Ghanaian female artist presents art pieces to Pan African Heritage Museum 

By Hafsa Obeng 

Accra, June 12, GNA – A Ghanaian female artist, Madam Sharon Dede Padi, has presented some art pieces to the Pan African Heritage Museum (PAHM) to be exhibited, to portray and celebrate African arts, culture, history and ideals. 

The artefacts portray the history, heritage and culture of Africa, and tell stories that would help the future generation to know their origin. 

Madam Padi, presenting the art pieces, said painting and history had been her passion for a long time because she loved looking back to bring more light into the future. 

She said she was inspired to present the specific arts pieces because she envisaged the museum as one that would be able to store and curate history. 

“Because pan Africanism talks about our history, and our past, I decided that once I had these historic paintings I will donate a few so that one day when the museum is built, and the paintings are mounted, people would know what our culture is and the next generation will also see what we have gone through and what they could do to improve on their lives.” 

She said efforts to enforce and promote the concept of Pan Africanism started as early as 1920 and several institutions have supported the movement of enforcing African unity, saying this encouraged Africans to collaborate to achieve a common goal of unity among Africans, and Africans in the diaspora.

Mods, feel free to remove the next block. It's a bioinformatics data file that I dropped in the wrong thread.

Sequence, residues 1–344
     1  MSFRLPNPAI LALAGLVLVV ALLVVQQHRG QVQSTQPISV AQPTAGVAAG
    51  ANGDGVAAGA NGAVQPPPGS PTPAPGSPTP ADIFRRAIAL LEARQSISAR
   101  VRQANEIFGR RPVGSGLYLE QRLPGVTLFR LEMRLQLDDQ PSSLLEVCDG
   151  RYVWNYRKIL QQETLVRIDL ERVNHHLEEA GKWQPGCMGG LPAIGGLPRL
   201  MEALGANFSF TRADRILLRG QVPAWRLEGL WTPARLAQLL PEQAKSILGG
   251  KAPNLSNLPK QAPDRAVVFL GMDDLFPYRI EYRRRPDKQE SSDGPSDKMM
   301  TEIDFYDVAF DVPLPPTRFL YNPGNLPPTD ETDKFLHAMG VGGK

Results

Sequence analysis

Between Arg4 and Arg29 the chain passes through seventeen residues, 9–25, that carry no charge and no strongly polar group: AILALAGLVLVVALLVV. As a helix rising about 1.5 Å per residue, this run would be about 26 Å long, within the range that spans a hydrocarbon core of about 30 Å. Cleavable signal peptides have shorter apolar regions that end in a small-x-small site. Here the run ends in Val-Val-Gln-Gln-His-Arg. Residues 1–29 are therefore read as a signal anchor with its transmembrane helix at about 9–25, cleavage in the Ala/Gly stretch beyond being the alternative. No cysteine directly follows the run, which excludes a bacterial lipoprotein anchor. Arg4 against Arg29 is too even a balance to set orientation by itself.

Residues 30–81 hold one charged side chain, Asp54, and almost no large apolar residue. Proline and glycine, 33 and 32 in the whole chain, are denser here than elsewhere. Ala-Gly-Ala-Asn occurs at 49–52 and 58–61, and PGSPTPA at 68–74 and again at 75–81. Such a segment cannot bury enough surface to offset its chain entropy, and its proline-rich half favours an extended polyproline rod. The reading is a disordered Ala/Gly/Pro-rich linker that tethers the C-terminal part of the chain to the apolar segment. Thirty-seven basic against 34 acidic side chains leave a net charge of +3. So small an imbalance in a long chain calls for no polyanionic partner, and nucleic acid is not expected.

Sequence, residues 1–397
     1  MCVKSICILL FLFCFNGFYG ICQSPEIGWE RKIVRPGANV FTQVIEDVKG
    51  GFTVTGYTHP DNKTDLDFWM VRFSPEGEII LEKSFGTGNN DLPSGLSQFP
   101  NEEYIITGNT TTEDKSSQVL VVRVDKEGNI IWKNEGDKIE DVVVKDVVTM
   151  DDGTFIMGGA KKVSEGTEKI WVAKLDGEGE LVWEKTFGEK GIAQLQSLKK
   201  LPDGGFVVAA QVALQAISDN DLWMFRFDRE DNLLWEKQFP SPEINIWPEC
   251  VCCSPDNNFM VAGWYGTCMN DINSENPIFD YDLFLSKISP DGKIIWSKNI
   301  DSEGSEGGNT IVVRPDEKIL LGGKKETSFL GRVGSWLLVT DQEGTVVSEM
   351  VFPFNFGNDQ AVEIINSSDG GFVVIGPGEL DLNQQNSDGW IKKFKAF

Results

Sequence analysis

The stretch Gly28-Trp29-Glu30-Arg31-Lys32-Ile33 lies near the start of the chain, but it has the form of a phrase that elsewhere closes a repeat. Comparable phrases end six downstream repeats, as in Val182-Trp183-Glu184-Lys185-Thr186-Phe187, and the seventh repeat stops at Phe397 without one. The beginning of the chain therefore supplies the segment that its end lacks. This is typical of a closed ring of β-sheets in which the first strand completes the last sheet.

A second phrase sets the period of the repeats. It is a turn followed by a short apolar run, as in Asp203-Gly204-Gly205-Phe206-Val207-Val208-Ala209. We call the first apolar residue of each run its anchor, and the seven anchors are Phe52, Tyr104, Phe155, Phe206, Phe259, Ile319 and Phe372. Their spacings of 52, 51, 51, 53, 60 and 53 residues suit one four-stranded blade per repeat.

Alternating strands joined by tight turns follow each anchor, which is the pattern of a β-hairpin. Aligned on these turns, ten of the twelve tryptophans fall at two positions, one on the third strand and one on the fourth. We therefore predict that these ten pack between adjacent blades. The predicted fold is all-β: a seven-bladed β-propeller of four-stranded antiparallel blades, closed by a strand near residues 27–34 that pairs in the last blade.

“I am making a contribution through the donation of these art pieces to the museum and hope that everyone who looks at them will discover some knowledge regarding our African culture and history as well as our heritage.” 

She said the paintings might be a minor contribution to the promotion of Pan Africanism and African heritage, but they would still count and make a difference, and called on individuals to contribute to the rich tapestry of Pan Africanism started by the forbearers. 

Prof Kojo Yankah, Founder, PAHM said the museum was meant to exhibit, portray and celebrate African arts, culture, history and ideals, as well as bring together all great works of Africans and people of African descent. 

“We have in the digital museum the history of African, right from the beginning of civilization to contemporary Africa, and we would do the same thing at Winneba junction at the site of the museum.” 

He said the presentation formed part of the collection of artefacts that would go into the museum, “and gives the signal to the rest of Africa that we have already started taking artefacts.” 

“A few artists from various parts of Africa have been expressing interest and now we are giving the signal that we are ready to take their arts work. We will put the digital versions on our website and preserve them until 2026 when we hope to have completed the physical museums.” 

According to Prof. Yankah because the museum is for both Africans and people of African descent, it would have branches operating in almost every country, “and they are all sending in their digital documentary which we are going to be put on our website. It’s a worldwide thing and because history does not teach us much about other African countries, we will fill in that gab through the museum.” 

Touching on the choice of location for the museum, the Founder said the location was chosen due to its proximity to Accra, and because the Central Region had a lot of historical places of significance.  

“It will also give the area a new look and revive the story in that whole area. The economy and people will benefit, and Ghana would expand its tourism destinations.” 

The Founder noted that work had begun on the site with the planting of trees in the Pan African herbal plant garden. “We are also doing some landscaping then after the rains we go into the physical construction.” 

He commended Madam Padi for the presentation, saying her gesture was a true demonstration of what “Africans can share together, and urged others to emulate same.”